Sinnokrot is an artist and educator whose artwork exposes the buried infrastructures of control that give rise to shifting social, political, and environmental instabilities. Sinnokrot’s films, videos, photographs, sculptures, installations, and agricultural community practices promote critical and civic engagement through shared experience to better understand the imperialist origins of structural violence, dismantle them, and cultivate spaces for collective action and emancipation. He is a co-founder of Sakiya – Art | Science | Agriculture, an international residency program and research platform in Palestine, and a faculty member of MIT’s Art, Culture, and Technology Program (ACT) in Cambridge, Massachusetts. Sinnokrot’s work has been featured in recent solo exhibitions at Kunst-Station Sankt Peter, Cologne, (2019–2020); Carlier Gebauer, Berlin (2018–2019); KIOSK, Ghent (2018); and Darat al Funun (2014). Sinnokrot’s first feature film, Palestine Blues (2006), a documentary on Palestinian farmers’ struggles in a disappearing landscape, was screened in over 30 festivals worldwide and won seven awards for Best Documentary.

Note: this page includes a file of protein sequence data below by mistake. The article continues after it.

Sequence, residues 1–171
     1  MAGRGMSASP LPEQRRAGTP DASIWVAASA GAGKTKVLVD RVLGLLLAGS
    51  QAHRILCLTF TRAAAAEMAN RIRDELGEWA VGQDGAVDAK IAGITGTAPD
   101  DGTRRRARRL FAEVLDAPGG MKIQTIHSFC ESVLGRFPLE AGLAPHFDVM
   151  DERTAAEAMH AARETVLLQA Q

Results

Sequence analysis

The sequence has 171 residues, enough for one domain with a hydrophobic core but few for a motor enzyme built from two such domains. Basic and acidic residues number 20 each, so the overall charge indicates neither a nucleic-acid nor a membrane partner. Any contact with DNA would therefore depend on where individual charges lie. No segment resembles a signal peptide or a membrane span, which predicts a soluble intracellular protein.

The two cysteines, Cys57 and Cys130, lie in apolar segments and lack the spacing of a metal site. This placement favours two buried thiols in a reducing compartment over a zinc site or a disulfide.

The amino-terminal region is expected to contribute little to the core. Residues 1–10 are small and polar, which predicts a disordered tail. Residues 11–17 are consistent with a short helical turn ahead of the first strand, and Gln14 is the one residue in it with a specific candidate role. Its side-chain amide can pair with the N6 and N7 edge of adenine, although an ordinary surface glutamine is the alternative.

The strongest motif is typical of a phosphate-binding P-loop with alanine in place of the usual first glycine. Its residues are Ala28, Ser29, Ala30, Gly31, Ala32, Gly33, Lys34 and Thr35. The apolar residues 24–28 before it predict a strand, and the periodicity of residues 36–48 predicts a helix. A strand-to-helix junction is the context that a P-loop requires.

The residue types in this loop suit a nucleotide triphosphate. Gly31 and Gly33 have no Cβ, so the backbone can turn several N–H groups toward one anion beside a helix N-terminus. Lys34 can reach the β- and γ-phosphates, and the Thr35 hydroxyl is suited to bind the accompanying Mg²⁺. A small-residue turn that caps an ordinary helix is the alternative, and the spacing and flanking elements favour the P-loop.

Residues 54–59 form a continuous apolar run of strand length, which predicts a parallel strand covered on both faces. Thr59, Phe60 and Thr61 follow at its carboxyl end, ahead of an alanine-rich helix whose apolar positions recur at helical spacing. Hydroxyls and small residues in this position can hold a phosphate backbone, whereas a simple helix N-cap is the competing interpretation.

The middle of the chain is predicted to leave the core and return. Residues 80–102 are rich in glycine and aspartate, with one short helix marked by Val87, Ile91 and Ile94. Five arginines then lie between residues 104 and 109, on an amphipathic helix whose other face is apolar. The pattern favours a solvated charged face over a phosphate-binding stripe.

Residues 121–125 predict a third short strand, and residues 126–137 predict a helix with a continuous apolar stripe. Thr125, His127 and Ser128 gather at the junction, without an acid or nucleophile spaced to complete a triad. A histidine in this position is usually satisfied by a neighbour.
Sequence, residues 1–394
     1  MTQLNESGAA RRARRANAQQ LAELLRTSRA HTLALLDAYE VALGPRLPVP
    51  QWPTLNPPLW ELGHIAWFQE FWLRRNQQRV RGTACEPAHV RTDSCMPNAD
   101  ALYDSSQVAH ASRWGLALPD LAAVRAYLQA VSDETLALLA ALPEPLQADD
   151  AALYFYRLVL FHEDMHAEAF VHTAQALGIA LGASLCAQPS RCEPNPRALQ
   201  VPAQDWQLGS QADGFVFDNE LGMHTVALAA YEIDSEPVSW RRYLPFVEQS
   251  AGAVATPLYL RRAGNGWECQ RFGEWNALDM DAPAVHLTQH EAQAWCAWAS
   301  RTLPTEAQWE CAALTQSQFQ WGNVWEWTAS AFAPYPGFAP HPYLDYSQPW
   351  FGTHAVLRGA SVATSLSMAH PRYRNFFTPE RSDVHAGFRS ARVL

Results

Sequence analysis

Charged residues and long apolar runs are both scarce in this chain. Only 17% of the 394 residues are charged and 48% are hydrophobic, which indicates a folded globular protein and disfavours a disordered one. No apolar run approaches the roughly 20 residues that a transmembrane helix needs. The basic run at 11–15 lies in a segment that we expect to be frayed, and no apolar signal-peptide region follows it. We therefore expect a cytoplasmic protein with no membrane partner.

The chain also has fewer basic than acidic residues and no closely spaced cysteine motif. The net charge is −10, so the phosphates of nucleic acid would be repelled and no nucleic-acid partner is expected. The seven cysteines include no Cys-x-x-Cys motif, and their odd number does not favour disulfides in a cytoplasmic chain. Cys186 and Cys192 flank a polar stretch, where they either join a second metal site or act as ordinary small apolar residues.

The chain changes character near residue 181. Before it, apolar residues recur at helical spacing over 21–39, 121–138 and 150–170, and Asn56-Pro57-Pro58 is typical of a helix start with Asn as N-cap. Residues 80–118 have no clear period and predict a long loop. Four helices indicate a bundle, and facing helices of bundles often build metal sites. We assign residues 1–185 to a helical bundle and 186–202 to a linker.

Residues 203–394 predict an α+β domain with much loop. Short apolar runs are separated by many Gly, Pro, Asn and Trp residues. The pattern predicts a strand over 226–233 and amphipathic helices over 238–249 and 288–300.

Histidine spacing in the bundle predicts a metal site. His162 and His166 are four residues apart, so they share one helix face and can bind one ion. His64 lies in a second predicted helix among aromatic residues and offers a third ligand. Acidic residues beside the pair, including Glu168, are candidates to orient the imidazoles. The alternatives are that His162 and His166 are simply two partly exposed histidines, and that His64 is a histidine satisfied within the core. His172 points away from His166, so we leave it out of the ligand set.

This year marks the fellowship’s largest cohort, awarding 18 artists from around the globe 100,000 USD each to pursue ambitious projects that propose bold solutions to address the climate crisis, reclaim and uplift indigenous knowledge, and imagine and build sustainable futures.